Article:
18.1: Introduction - Biology

18.1: Introduction - Biology

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The cell as it appears in a microscope was long thought to be a bag of liquid surrounded by a membrane. The electron microscope revealed a cytoskeleton composed of thin and thick rods, tubes and filaments. Other intracellular structures and organelles are enmeshed in these microfilaments, intermediate filaments and microtubules. We will compare the molecular compositions of these structures and their subunit proteins. In aggregate, they account for organelle location in cells, the shapes of cells, and cell motility. Cell motility includes the movement of cells and organisms, as well as the internal movements of organelles (e.g., vesicles) and other structures in the cell. Of course, these movements are not random…, and they require chemical energy! A long and well-studied system of cell motility is the interaction of actin and myosin during skeletal muscle contraction. We will first consider a paradox suggesting that ATP was required for contraction BUT ALSO for relaxation of muscle fibers. Then we look at experiments that resolve the paradox. Animals control skeletal muscle contraction, but some muscles contract rhythmically or with little or no control on the part of the animal - think cardiac muscles of the heart, or smooth muscles like those in digestive and circulatory systems. We will also look at the role of calcium ions and regulatory proteins in controlling the response of skeletal muscles our commands, and finally, at the elasticity of skeletal muscles.

Learning Objectives

When you have mastered the information in this chapter, you should be able to:

1. Compare and contrast roles of cytoskeletal structures in different kinds of cell motility.

2. Distinguish the roles of microfilaments, microtubules and intermediate filaments in the maintenance and alteration of cell shape and structure.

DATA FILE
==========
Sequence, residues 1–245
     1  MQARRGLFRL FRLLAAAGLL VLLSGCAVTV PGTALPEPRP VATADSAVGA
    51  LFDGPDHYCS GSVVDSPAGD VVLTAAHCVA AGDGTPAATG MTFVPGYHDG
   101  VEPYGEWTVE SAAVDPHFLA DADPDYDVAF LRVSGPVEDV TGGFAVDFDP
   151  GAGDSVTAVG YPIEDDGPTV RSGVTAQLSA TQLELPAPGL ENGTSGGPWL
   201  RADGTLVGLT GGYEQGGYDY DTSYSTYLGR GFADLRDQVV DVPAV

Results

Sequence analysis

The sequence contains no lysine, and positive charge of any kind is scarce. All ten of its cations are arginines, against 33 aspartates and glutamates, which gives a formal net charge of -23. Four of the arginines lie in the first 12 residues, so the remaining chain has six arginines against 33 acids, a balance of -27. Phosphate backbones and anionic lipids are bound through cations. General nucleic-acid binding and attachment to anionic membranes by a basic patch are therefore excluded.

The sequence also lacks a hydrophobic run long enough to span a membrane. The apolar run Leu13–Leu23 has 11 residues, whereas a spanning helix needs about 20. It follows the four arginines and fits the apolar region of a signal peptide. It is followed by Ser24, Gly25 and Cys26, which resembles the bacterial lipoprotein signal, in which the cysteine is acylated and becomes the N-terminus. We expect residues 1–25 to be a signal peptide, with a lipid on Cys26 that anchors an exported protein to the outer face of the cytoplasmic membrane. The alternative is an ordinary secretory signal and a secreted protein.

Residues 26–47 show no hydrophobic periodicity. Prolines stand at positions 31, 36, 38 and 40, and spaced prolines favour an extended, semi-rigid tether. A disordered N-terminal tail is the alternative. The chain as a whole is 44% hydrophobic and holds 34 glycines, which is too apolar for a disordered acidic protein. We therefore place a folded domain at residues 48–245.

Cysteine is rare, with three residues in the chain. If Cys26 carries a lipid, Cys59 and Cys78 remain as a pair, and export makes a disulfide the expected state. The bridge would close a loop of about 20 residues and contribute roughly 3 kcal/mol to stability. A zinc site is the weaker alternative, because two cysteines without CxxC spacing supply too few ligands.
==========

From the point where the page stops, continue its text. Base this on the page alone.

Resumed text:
3. Suggest how ciliary and spindle fiber microtubules can maintain their length.

4. Explain how spindle fiber microtubules can change their length.

5. Propose an experiment to show which part of a motor protein has ATPase activity.

6. Define the actin-myosin contraction paradox.

7. Outline the steps of the contraction cycle involving myosin and actin.

8. Compare and contrast mucle and flagellar structure and function.

9. Explain why smooth muscles do not show striations in the light microscope.

10. Outline the structure of a skeletal muscle, from a whole muscle down to a sarcomere.

11. Propose alternate hypothesis to explain hereditary muscle weakness involving specific proteins/genes, and suggest how you might test one of them.

18.1 Understanding Evolution

By the end of this section, you will be able to do the following:

  • Describe how scientists developed the present-day theory of evolution
  • Define adaptation
  • Explain convergent and divergent evolution
  • Describe homologous and vestigial structures
  • Discuss misconceptions about the theory of evolution

Evolution by natural selection describes a mechanism for how species change over time. Scientists, philosophers, researchers, and others had made suggestions and debated this topic well before Darwin began to explore this idea. Classical Greek philosopher Plato emphasized in his writings that species were static and unchanging, yet there were also ancient Greeks who expressed evolutionary ideas. In the eighteenth century, naturalist Georges-Louis Leclerc Comte de Buffon reintroduced ideas about the evolution of animals and observed that various geographic regions have different plant and animal populations, even when the environments are similar. Some at this time also accepted that there were extinct species.